Casinos have all spent very significant dollars getting customers in the door, providing them with a comfortable and pleasant environment, and offering them multiple opportunities to spend their money. Naturally, the major customer spending opportunity is gaming, and customers have arrived to play. Once they have arrived, in the vast majority of cases, they are left on their own to learn how to play.
Very significant casino dollars also are spent on an ongoing basis training staff to serve these customers. Everyone with guest service contact is trained in guest service, satisfaction and security. All staff members also are regularly trained to perform their job functions, to understand company policies and procedures, and to properly deal with regulatory compliance such as safety, money laundering and other requirements. Casino dollars also are wisely invested in consultants on sensible game protection and game management.
This is all necessary and sound business practice. These costs are greatly magnified with employee turnover thus the additional training of managers in effective leadership so as to reduce the turnover cost.
But where are the customers in this effort? Are they not the most important people in the casino? Is it just expected that they look at a gaming opportunity and know how to play? Most players do want action and want to know what to do. Intimidation blocks them from trying to learn a new game or even a new electronic gaming device/slot. Players have the willingness and the money, but do not want to appear stupid in front of dealers and other players. They certainly do not want to lose their money by doing something wrong simply because they are naïve. When they do, they feel bad about themselves and resent the casino.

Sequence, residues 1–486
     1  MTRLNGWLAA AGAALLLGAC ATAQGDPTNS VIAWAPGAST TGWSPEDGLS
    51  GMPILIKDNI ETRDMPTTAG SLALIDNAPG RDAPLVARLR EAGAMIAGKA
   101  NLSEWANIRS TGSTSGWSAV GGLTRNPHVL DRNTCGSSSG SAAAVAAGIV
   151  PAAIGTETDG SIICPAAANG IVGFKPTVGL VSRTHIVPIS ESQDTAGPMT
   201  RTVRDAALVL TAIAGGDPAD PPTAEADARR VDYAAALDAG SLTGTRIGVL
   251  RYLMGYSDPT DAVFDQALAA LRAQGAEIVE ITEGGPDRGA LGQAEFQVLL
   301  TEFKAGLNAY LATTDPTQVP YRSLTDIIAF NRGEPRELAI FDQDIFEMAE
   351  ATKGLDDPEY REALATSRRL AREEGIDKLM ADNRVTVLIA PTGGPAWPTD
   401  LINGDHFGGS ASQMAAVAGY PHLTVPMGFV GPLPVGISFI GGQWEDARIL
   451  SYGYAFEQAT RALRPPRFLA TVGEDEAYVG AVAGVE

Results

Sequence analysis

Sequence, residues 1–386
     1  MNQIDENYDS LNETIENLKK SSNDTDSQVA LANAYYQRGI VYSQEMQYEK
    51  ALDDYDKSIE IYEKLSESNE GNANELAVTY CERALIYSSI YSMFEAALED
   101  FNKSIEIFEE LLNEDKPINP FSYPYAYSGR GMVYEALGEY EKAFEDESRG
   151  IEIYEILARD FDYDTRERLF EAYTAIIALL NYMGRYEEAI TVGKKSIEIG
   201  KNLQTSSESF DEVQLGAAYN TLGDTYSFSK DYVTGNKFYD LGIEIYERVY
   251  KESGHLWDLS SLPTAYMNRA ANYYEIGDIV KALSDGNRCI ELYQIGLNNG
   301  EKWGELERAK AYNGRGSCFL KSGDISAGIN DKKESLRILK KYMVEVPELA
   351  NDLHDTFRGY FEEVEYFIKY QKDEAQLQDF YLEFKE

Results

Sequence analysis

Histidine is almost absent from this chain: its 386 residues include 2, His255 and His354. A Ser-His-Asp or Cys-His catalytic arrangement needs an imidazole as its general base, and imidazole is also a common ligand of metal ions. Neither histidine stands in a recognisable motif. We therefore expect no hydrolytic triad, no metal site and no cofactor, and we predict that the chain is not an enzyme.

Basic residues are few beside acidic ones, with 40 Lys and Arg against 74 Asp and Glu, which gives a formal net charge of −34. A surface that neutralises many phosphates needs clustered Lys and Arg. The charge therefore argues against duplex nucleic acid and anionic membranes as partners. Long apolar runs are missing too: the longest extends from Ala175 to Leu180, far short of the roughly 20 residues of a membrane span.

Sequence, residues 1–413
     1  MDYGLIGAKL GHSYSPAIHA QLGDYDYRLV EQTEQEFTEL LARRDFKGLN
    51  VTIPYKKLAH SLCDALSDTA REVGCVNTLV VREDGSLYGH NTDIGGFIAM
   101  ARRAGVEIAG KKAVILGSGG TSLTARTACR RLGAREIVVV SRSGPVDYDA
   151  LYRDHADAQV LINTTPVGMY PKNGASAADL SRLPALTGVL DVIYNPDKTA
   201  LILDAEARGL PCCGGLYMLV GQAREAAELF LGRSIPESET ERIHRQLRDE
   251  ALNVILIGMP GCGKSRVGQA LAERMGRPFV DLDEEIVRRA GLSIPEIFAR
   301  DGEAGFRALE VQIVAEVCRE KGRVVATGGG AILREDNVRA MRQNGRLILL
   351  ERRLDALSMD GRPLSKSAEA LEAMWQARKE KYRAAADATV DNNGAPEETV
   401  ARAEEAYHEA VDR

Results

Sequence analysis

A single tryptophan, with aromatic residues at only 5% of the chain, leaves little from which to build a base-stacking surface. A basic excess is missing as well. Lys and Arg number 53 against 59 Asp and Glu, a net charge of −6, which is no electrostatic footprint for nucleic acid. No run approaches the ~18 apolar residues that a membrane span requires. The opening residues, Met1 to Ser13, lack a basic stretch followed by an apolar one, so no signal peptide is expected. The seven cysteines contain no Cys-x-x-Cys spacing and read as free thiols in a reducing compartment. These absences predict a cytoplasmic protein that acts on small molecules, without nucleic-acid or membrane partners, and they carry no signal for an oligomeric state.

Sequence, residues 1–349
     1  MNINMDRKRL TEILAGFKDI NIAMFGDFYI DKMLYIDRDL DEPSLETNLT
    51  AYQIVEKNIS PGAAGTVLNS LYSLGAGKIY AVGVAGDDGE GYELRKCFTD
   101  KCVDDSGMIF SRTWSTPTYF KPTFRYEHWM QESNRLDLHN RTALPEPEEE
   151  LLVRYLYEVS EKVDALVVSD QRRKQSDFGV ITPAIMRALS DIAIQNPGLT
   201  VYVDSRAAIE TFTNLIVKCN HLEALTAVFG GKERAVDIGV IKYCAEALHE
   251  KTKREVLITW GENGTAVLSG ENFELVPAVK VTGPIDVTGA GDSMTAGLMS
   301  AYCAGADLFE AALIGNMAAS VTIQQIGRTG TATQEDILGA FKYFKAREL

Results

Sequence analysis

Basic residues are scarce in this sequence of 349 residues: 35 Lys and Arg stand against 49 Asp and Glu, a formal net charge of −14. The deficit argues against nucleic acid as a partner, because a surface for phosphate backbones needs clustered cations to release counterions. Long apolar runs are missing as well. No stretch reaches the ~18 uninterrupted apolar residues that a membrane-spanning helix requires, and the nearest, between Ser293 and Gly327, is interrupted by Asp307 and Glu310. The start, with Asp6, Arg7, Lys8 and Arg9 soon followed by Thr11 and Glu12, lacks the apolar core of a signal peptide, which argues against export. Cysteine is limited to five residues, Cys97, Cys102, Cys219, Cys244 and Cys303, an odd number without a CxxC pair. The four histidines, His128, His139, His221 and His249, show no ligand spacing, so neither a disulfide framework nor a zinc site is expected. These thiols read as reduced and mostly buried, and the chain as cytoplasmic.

This happens minute by minute and not just at the craps table. How many times a day does a dealer have to kindly tell an arriving player, in front of other players, that they must play a minimum of $25, not the $10 they placed because they did not know about the minimum bet sign? Is not everyone slightly embarrassed? Is the player happy? How many times a day does a player not split aces on a blackjack table because he is a beginning player, wanting to have fun, socialize a little, and yet gets embarrassed when others point out that he just played foolishly? Does the new table games player know they can use their player’s card for points on a table and not only for slot play?
I frequently observe casino customers cruising the pit and glancing at the various game signs and can see the curiosity in their eyes. I have asked them why they aren’t playing. Not all, but many do respond that they have watched and “just haven’t figured it out.” I talked with a couple in a southern California casino watching a Three Card Poker game with two players at the table. They said that the game looked interesting. When asked why they don’t play, they said that they “didn’t know how they win” and they asked me if I knew “What is pair plus?” I asked what game looks like the most fun to them and they both said that all the cards and sorting that they see in Pai Gow looks exciting, but again, they said they didn’t know what was really going on. When I mentioned that the dealer would help them sort, even with other players there, they were pleased, but then asked, “Well, what is the bonus all about?”